Nonverbals in football

The kiss

In the US right now there is a lot of buzz about American football, after the playoff games this past weekend determining who plays in the Superbowl, coming up soon. As is always the case in football, the games on Sunday were not just athletic contests but spectacles, in which lots was happening beyond sports, including interesting nonverbal communication. In the game between Kansas City and Baltimore, much of the attention was focused on one particular fan, Taylor Swift, in the audience to cheer for boyfriend Travis Kelce, a player for Kansas City. One of the memorable nonverbals was their kiss on the field at the end of the game.

The taunting

Most of the nonverbals in football games involve not kisses, but dances or other celebrations when touchdowns are scored, which has become common practice in professional football. In the Kansas City game, a turning point revolved around a different kind of nonverbal, namely taunting on the part of a Baltimore player, Zay Flowers, after a tackle. He was called for a penalty, which stopped his team’s momentum. Later in the game, Flowers was about to cross the goal line and score, when the very player he had taunted knocked the ball out of his arms, preventing a touchdown. Seemed like karma.

The pinched fingers

That incident brought to mind a story from the New York Times recently on that topic of football and nonverbals. It deals with a gesture made by backup quarterback for the New York Giants, Tommy DeVito, an Italian American. In the words of Mark Rotella, the article’s author, DeVito, after throwing for a touchdown, “raised a right hand and pinched his finger and thumb together in an Italian gesture that means, roughly, ‘Whaddya want?’”. The player subsequently used the gesture again several times and later was picked up by fans, as well as being used mockingly by opponents after sacking the quarterback.

The author, himself an Italian-American, very much identified with DeVito’s gesture and discussed in the article how important hand gestures are to Italians (and to Italian-Americans). Stereotypes tend to have an element of truth to them, which according to Rotella is the case here, as of all ethnic groups in the world, Italians have the most widespread reputation for using body language to communicate.

Amanda Fox & Reading Faces

Amanda-Knox-in-court-005This week, Amanda Knox gave her first TV interview.  She’s the American study abroad student accused of killing her roommate in Perugia, Italy.  The evidence against her is largely circumstantial, but she was initially convicted of murder, a sentence later overturned, but now her case is to be re-tried in Italy.  Most observers agree that she was convicted due to her body language and demeanor.  She didn’t seem remorseful or even caring.  Ian Leslie in the Guardian commented on the rush to judgment based on observing and interpreting her expressions:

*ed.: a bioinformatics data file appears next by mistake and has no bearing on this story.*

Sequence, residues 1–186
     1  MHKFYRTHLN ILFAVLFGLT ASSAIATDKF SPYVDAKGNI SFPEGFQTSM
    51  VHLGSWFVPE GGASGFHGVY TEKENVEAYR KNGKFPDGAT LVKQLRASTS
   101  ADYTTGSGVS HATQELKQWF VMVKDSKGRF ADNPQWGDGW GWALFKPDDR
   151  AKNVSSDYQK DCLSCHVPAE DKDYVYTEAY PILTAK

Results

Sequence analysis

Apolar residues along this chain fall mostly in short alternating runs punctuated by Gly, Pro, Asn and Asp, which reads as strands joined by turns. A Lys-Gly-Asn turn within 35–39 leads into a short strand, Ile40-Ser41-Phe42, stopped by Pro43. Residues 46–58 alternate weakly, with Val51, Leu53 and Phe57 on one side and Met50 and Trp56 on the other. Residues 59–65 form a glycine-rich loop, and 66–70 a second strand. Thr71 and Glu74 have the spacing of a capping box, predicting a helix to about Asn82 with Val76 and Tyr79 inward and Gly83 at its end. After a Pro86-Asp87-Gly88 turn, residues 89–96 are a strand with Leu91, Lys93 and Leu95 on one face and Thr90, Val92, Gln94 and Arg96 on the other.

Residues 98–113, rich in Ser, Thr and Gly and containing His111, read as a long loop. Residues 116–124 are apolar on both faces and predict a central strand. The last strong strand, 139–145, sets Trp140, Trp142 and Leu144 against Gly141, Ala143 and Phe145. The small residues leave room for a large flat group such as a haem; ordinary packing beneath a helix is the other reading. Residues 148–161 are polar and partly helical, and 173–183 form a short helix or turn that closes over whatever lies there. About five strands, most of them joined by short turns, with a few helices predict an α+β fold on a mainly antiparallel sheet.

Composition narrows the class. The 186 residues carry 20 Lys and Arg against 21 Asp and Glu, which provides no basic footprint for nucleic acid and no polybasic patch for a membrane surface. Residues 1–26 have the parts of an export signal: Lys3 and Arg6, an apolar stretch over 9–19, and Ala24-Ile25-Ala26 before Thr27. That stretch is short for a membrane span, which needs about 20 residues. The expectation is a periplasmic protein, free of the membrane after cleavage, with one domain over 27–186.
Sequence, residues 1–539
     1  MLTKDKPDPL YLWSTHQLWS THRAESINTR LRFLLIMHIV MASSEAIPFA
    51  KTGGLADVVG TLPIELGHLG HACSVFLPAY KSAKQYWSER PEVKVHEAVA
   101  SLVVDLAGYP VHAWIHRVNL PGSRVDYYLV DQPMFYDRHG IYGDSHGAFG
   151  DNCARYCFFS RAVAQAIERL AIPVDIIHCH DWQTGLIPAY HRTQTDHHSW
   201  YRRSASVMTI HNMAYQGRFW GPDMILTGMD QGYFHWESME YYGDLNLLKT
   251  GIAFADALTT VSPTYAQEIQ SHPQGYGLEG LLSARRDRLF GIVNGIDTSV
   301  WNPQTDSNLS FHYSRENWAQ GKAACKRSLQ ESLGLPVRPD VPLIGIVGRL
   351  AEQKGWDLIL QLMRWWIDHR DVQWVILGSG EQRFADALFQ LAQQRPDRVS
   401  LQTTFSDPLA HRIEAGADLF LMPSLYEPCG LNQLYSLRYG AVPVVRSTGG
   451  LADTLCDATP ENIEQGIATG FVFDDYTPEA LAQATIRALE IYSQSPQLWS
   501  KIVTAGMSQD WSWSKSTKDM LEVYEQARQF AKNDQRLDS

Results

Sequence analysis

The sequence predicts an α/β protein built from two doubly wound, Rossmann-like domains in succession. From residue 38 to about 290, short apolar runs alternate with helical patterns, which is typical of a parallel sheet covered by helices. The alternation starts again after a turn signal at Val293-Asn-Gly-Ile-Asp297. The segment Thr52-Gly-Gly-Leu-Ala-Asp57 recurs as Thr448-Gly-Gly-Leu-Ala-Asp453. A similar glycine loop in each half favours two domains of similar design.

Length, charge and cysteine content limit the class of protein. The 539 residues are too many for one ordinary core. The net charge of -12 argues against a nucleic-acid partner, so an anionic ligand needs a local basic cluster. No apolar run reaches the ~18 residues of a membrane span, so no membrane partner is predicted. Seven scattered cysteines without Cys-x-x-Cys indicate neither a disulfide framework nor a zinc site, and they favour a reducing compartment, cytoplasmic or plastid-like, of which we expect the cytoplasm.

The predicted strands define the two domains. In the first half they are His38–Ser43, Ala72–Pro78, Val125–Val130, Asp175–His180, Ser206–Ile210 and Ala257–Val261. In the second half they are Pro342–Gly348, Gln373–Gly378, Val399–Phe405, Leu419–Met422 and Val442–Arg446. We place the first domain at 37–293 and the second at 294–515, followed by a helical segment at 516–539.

“Most of us know, when we reflect rationally, that other people are as complex and difficult to read or predict as we are, and we do compensate for the natural imbalance in our encounters with others. The trouble is, we rarely compensate enough. Thinking about what others might be thinking and feeling is hard work. It requires intellectual application, empathy, and imagination. Most of the time we can barely be bothered to exert such efforts on behalf of our friends and partners, let alone on people we read about in the news. We fall back on guesses, stereotypes, and prejudices. This is inevitable, and not always a bad thing. The trouble comes when we confuse our short-cuts with judgment.”

 It’s certainly the case that we don’t all express our emotions the same way.  Sometimes this is partly culturally determined (Japanese stoicism) but may be absolutely personal as well.  We expect traumatized humans to act in a certain way and perhaps most of us do.  When someone fails to follow the code, we get suspicious.  It could be that this is even more the case for women, whom we expect to show their emotions more than men. This was certainly the case with the famous story of the dingo and the baby.  It’s likely that in Amanda’s interview with Diane Sawyer she failed to win many of us over – she was again, for the most part, cool and collected.

Who’s Italian?

The Italians may have lost in the recent European Soccer  Championships, but they did much better than anyone expected.  The most celebrated (and controversial) player for the Italian National Team was Mario Balotelli.  He’s the one who scored 2 goals to propel Italy to victory over heavily favored Germany. Balotelli was born in Sicily but speaks Italian with a broad northern accent. The big surprise, however,  is this:  he is black, born of  Ghanaian immigrants, but raised by an Italian adoptive family .  A story today on NPR talks about how the prominence of Balotelli is changing what it means to be Italian.  As with black players on other European teams, Balotelli has seen a lot of fan abuse and prejudice.  But the victory over Germany may change some opinions.

The photo above, with his mother, may contribute as well to a changed view:  “As the triumphant striker approached the stands, he gave this championship its iconic photo off the pitch — the 6-foot-2-inch black Italian Mario hugging his petite white Italian mother, Sylvia.  The sight of his mother’s hand caressing the Mohawk-topped head sent a powerful message in a society where la mamma still plays a crucial role and where immigrants are most often treated as second-class. And when Balotelli ripped off his T-shirt, proudly showing off his statuesque physique, it was as if to say, ‘I’m black, I’m Italian and I am here to stay'” (NPR).  Interestingly, something similar has happened in Germany with the Turkish-German soccer star Mesut Özil.  Are these echoes of Jackie Robinson in American baseball history?